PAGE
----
B. C. Matthews battles mad scientists at a laboratory by day and finds sleep deprived moments to tend to her reptile herd, play her ukulele, and pen her stories by night. She is published in Triangulation: Lost Voices, the upcoming Spark: A Creative Anthology VIII, STRAEON, and an anthology of Lovecraftian-romance Eldritch Embraces. You can find her meanderings online at: www.bcmatthews.blogspot.com.


The Star-Tailed Fox

by B. C. Matthews


From the letters of Madeleine Wagner

January 19, 1940

Dear Keiko,

Papa said to me, “Madeleine, you’ve got smarts, so make sure you use your head for something besides a hat rack and an ornament.” Like it’s an old bit of Wagner wisdom he’s passing down to his little girl who’s flying the coop. Heck, I always wanted to fly.

Off to California.

Papa still can’t understand why I want to leave, but I know you do, Keiko. Like when we were little and I had to climb Mrs. Brown’s apple tree just because it was so big, so impossible.

California’s my apple tree now.

And it’s nothing like our farmhouse in Nowhereville, Washington.

So I guess it’s not so hard to understand now why I packed my bags, said bye to you, Mama and Papa. Even Henry, who pretended not to cry, of course. That’s what brothers do. You know that annoying twin of mine still insists he was born first? The damn rascal.

I wish you could have come with me. I think your inner fox finds all of this funny as hell.

I promise to write you all the time. Maybe you can come visit me soon.

Your friend,



From the letters of Keiko Nakamura

March 16th, 1940

Dear Maddie,

Already I miss you.

Things here at the Wagner estate are as hectic as usual. Henry decided that with his twin sister gone, he’s now man of the house. He’s named himself King, and I am to be his Queen of course, which quite scandalized Mrs. Brown when she heard Henry declare it at your mother’s church luncheon.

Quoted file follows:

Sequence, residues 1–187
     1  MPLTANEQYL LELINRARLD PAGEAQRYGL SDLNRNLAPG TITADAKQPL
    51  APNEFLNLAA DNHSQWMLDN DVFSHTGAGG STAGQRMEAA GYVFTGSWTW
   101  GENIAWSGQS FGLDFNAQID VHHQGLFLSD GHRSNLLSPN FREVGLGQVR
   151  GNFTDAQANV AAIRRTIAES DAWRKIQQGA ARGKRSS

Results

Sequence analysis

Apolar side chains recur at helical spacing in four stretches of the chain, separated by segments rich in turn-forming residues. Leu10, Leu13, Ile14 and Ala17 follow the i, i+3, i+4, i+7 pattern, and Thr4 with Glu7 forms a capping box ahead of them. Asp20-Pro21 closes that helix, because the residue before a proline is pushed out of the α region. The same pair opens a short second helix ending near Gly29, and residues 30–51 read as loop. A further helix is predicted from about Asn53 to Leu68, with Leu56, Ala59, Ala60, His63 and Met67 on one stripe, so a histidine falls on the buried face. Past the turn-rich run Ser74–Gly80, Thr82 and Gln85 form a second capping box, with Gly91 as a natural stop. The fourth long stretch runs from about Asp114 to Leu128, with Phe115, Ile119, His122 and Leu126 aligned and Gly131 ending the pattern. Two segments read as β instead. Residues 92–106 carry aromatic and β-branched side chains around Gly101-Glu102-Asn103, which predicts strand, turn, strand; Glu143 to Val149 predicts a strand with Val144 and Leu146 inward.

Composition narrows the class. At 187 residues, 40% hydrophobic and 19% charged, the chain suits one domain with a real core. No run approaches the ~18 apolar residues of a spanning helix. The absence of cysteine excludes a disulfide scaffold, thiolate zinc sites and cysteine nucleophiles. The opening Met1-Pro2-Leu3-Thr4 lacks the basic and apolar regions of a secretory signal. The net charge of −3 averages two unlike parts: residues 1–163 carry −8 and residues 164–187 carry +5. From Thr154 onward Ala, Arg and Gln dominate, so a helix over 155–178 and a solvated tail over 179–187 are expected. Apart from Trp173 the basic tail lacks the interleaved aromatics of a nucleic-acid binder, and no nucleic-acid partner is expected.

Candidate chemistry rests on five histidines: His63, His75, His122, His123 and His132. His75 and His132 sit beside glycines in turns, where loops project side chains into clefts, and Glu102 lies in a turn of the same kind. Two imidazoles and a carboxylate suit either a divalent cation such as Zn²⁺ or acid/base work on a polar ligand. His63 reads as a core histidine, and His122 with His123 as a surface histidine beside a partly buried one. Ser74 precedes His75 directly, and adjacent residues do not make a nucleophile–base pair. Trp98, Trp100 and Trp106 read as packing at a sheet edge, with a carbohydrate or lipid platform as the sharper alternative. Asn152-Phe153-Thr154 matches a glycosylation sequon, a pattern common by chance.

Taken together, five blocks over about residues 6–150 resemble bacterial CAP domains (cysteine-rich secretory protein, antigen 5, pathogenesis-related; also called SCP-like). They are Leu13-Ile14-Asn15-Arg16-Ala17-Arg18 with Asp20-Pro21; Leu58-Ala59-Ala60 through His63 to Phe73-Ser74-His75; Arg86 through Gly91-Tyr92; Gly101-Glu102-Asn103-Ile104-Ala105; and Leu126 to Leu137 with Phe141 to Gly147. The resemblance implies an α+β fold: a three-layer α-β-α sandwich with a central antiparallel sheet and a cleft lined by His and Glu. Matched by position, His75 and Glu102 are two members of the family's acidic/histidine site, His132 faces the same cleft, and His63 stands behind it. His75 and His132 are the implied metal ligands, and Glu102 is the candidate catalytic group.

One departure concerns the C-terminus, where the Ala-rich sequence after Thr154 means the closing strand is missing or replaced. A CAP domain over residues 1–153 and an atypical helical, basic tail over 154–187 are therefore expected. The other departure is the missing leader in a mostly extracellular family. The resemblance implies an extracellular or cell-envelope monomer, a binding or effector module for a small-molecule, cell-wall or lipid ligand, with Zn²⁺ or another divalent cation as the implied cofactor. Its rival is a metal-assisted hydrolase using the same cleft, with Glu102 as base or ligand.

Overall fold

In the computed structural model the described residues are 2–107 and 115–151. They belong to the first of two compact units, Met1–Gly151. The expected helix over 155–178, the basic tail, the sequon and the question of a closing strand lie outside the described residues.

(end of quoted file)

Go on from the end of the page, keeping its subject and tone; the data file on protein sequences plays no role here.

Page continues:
“You can’t marry the help!” she hollered. “Oh my, Mr. Wagner, but you cannot let this continue. Henry might get the wrong idea about those people. It would be morally wrong.”

“The only wrong idea,” your father said, “is your idea, Mrs. Brown. Keiko is one of the finest and most humble ladies I know.”

Me? Humble!

The doctors say Henry’s spine is getting better. At times he doesn’t have to wear the back brace, so I don’t have to help him move around quite as much. And the kids don’t laugh at him when he isn’t wearing it, though he always makes fun of himself. I still tell him to quit doing that.

I’ll stop chattering on now. I want to hear about you. What is it like there in California? They say it’s sunny all the time, and everyone is beautiful.

It sounds like the perfect place for you.

Sincerely yours,



From the letters of Madeleine Wagner

May 3, 1940

Dear Keiko,

Oh, Keiko, I never thought I’d say this but I met someone. He’s tall, big, strong, a great dancer, and, well, dreamy. He knows how to dance so well that I feel like a complete idiot when he asks me to dance. Who knew a Navy man could dance so well? Sometimes when we dance, I feel almost drunk, as if my head will spin clean off my damn shoulders.

You once told me it feels like that when the moon is full and the fox inside you comes out to play. You still let that happen, don’t you? You’d better.

I sometimes dream of foxes jumping about in the yard at home. Their eyes always seem to glow, as if they knew something that I didn’t. Do you remember when we’d to play out in the fields, and the kits would run up to us all crazy? It was like they knew you were like them.

I have those dreams every time I think of you. Do you still swing on the tire out by the lake until you make Henry laugh?